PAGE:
The disaster-recovery strategy for the BMC Remedy ITSM 8.1 value paths involves setting up disaster recovery for each product in the value paths. All products need to be available and updated in the disaster-recovery data center in case the production data center is unavailable for any reason. In many cases, these products share a database that becomes the focus of disaster-recovery configuration.
Although the BMC Remedy ITSM Suite contains several databases common to BMC Remedy ITSM, the BMC Remedy ITSM value paths can include products that need additional configuration to work properly in a disaster-recovery situation.
Common disaster-recovery requirements
Although each product has its own requirements for setting up disaster recovery, the following requirements are common to all products:
- The disaster-recovery installation must have the same product version and patch level as the production installation.
- If any configuration or file changes (such as applying patches) are made to the production data center, the same changes must be repeated on the disaster-recovery data center.
- As the production system is used, all data changes must be replicated to the disaster-recovery data center. These changes can be database changes or file system changes, depending on the product in use.
- Replicating data changes imposes additional demands on the resources in the production system. To keep these demands to a minimum, the replication schedule should be carefully considered. If continuous replication is needed, the production system must be given additional resources (CPU and memory) to reduce the performance impact.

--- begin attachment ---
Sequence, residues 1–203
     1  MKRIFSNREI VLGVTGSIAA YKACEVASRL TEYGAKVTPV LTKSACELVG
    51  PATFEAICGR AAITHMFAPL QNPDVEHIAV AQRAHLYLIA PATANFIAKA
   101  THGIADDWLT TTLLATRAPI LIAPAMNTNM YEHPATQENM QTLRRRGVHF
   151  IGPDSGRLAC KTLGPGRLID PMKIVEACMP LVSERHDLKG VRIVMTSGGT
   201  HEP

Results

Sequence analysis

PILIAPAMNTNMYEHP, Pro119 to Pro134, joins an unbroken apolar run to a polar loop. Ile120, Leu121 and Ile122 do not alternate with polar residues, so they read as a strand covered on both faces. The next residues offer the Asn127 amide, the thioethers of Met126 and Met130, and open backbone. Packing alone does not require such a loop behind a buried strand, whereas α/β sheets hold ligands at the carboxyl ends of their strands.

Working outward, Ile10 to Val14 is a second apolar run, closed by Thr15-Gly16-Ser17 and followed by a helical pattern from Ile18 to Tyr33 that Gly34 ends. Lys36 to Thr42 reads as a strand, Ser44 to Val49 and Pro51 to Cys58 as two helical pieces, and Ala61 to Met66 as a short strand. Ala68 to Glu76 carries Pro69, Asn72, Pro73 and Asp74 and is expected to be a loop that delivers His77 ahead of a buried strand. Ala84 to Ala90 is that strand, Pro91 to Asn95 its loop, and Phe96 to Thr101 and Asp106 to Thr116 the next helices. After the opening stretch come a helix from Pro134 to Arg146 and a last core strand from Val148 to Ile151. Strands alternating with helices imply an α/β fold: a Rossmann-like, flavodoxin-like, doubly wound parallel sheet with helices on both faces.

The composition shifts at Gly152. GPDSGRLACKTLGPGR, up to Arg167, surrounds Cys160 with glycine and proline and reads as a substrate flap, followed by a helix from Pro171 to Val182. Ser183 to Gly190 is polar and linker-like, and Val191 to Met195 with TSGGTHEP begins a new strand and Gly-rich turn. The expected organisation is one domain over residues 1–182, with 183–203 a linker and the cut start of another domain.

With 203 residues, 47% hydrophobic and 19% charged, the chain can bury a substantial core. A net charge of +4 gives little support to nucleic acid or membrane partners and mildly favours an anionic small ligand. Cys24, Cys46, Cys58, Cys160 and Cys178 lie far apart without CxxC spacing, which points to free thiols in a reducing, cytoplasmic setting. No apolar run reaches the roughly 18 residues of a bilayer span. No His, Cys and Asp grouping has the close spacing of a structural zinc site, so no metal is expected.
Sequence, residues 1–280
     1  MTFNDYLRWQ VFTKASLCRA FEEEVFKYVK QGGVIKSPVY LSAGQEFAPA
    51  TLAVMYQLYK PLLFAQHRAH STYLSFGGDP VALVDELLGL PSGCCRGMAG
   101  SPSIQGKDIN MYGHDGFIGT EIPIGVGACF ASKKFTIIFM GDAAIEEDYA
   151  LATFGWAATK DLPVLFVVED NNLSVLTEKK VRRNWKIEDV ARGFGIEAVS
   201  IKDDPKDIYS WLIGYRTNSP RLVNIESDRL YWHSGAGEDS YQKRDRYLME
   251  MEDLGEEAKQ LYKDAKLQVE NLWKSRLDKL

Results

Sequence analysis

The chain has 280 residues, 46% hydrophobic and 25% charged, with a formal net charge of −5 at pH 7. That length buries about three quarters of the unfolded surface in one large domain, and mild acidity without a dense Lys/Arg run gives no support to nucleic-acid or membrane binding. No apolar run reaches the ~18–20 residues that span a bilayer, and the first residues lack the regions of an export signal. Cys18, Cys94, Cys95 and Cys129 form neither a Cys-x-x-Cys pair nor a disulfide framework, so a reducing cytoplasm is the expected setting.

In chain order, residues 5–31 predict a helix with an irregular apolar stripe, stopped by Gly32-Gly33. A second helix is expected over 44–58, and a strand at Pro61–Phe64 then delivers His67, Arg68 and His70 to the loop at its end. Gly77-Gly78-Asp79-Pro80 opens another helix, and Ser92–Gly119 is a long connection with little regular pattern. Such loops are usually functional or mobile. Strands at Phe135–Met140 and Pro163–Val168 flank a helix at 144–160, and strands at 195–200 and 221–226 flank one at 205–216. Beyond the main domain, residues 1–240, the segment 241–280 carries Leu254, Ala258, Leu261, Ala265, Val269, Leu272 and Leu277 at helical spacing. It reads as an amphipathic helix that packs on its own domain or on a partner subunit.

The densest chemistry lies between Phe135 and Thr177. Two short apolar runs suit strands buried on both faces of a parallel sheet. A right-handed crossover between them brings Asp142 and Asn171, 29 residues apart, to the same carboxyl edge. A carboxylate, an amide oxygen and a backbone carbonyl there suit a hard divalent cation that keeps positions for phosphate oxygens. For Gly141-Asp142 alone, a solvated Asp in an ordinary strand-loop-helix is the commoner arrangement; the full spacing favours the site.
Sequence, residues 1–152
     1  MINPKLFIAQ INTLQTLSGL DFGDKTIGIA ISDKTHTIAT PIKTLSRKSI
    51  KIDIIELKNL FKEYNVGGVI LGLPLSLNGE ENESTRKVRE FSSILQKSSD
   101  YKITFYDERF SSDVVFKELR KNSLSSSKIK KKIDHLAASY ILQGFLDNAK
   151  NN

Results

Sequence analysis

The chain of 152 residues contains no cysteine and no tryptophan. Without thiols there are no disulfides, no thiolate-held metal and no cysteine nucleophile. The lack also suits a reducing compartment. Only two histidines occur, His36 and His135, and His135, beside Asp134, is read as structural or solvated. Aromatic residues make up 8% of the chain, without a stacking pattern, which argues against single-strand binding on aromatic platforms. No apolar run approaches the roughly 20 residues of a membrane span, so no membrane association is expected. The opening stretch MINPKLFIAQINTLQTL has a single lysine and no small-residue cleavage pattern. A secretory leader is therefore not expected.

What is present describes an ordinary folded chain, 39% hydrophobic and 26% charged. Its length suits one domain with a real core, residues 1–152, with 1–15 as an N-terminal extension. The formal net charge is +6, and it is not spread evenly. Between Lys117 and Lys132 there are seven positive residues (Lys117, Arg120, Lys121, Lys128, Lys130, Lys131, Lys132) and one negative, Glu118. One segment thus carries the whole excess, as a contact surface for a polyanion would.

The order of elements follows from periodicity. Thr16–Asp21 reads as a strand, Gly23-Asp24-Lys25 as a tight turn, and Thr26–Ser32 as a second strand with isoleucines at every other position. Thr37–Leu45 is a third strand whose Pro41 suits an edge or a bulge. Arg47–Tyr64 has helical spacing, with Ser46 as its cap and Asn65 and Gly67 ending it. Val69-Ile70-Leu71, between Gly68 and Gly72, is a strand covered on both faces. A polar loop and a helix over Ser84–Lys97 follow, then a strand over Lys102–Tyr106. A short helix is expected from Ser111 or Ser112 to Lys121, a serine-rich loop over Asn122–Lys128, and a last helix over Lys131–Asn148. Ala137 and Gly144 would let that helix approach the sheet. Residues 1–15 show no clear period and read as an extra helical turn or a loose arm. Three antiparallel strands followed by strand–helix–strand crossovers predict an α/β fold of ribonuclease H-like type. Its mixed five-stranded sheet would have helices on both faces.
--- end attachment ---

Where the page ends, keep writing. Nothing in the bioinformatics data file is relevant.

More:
Also consider recovery from a secondary location if a failover event occurs.
Overall disaster recovery for IT Service Management
The following diagram shows different points where replication is needed to keep the disaster-recovery data center installation up to date (each point marked with a yellow dot). Each component needs to be ready and available for the disaster-recovery installation to start functioning. For example, if the production databases are being replicated every three hours, transaction information for the last three hours might not yet exist in the disaster-recovery databases, and might need to be copied over and restored manually by using the database transaction logs. Another example can be when network changes need to be put in place manually before disaster recovery can take over.
To accommodate such scenarios, the following architecture does not include automatic failover from production. This is an essential consideration for BMC Atrium Orchestrator. If the disaster-recovery strategy for BMC Atrium Orchestrator is based on a High Availability Configuration Distribution Peer (HA CDP) in the disaster-recovery data center, this CDP automatically starts processing the workflow if production fails. If the rest of the products are not yet ready, the processes start failing.
The following diagram does not show disaster recovery for BMC Analytics for BSM and BMC Dashboards for BSM because they largely refer to the data in the BMC Remedy ITSM database and so benefit from the replicated BMC Remedy AR System database. Any additional data that they set up can be easily re-created in the disaster recovery environment if required.
The following BMC product name abbreviations are used in the diagram:
- ADDM = BMC Atrium Discovery and Dependency Mapping
- BAO = BMC Atrium Orchestrator
- ITBM = BMC IT Business Management